He did not awake until sunrise. By that time she had revived the fire and made more miso soup, even taking the time to find mushrooms to give it more substance. After breakfast he offered her directions, and even to walk with her as far as the town.
"This is difficult to say, but I have nowhere to go, and no home to return to. It is an imposition-- a great inconvenience-- I would be very grateful to be able to stay here with you."
And so they were man and wife. That evening he got out the small amount of rice and wine he had been saving, and celebrated properly.
She had another request the following morning as he prepared to leave for the forest.
"Your mother's loom is in the storage room. May I use it to learn to weave?"
"Certainly. I'll pull it out where there is space to work. There is not much yarn, but I'll buy more when the next load of charcoal is ready."
"No. Let me work in the storage room. I request that you never come in while I am working."
"It is my request."
"All right-- I won't"
"Never. It is my request."
The man stacked some boxes to make more space around the loom, then went looking for wood. In three more days the kiln was full, and he started the burn. After several more days the charcoal was cooled and packed up ready to take into town.
When he was ready to leave, his wife handed him a roll of cloth, wrapped in strong, coarse paper. She asked him to sell it in town, and to buy more yarn and some rice if there was money enough for that. He bore his load the two miles into town with careful steps, but a light heart. Once in town he unloaded the bales of charcoal, and then sat at the edge of the shop office while the choja counted out some coins. Receiving them, he pulled out the coarse paper bundle.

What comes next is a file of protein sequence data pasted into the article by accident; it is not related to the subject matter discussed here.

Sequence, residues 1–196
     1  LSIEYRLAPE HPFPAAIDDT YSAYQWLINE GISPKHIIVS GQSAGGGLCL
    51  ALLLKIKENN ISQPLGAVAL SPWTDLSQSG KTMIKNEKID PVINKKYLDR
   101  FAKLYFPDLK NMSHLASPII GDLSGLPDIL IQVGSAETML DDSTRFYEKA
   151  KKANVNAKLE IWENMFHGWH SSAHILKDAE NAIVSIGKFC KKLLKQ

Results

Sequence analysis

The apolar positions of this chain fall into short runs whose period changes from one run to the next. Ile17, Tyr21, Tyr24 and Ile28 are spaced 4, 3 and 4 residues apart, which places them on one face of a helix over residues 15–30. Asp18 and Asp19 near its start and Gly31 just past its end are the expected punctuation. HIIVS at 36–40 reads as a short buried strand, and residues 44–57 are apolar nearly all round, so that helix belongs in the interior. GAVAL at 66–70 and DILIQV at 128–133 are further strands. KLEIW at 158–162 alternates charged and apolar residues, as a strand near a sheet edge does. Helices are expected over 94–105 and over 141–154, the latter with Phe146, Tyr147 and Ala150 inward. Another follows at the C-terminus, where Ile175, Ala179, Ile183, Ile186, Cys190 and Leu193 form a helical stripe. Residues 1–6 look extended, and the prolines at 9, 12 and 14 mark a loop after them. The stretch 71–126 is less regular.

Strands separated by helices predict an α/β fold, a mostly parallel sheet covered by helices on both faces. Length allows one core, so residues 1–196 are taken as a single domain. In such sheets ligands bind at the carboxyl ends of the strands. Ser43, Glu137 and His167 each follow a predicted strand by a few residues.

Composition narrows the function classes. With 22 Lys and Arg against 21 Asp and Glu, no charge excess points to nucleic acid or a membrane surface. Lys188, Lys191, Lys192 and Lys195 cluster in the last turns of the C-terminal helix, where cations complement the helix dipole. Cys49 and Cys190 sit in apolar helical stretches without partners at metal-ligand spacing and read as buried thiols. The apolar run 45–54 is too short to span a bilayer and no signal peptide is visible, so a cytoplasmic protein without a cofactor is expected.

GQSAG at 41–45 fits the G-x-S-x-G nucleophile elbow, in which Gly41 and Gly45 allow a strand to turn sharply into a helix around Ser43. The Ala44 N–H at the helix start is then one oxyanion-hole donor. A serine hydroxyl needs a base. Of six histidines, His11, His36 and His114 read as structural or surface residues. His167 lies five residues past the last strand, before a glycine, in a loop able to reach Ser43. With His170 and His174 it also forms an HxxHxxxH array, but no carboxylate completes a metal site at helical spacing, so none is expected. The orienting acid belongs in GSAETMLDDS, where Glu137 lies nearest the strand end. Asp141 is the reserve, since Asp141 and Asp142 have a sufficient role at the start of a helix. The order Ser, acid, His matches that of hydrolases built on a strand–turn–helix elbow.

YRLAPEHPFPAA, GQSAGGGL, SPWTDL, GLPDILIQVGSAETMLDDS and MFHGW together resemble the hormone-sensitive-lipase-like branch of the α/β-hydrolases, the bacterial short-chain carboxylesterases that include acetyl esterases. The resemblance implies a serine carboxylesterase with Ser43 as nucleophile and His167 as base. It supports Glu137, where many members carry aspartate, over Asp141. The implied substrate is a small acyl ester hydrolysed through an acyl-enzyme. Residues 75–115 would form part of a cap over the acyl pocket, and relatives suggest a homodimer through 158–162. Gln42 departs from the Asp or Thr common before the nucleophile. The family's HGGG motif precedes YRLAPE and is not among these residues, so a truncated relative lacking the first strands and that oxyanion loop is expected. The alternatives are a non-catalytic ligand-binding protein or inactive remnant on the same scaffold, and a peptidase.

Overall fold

"My wife is learning to weave. Would this cloth be of use to you?"
The choja raised his eyebrows at the word "wife," and raised them higher when the paper was removed and a little of the cloth was unrolled. The man saw immediately that what he had brought was not the dark blue or grey stuff the people of the town wore, and did not use the small, regular patterns his mother had always woven. It was not bright, but the surface of the cloth had a gleam that was almost aglow, and a pattern of pines in the mist. It could not be used for snow trousers or a light robe for a summer evening, but would have to be made into a robe for a fine lady. He dropped his eyes, and sipped tea with a mixture of disappointment and amazement.
"I don't know where you got this, or what it is worth. It is not cloth for this town, but I'll try to find a buyer. Take this and come back in 10 days."
The choja started to hand him a gold coin, but realized none of the shops would be able to make change, and gave him a bundle of silver instead. And he congratulated the man on his marriage.
The man bought yarn and rice as instructed, and also various roots, persimmons and pickles, and even two small fish. He also bought a comb, carved from a light-colored, close-grained wood with a sweet fragrance, for his wife's long black hair. Then he hurried home, light-hearted again.
Each day when he returned from gathering wood, he would unload his burden and stack the wood in the kiln, then open the door and announce his return. The clacking of the loom would stop, and his wife would rush out to welcome him back. After eating, they would sharpen tools and mend cloths, while he told stories of his boyhood and of the forest, and she told fantastic stories of strange things across the sea or in far parts of Japan. Then they would spread out his thin futon and get a night's rest.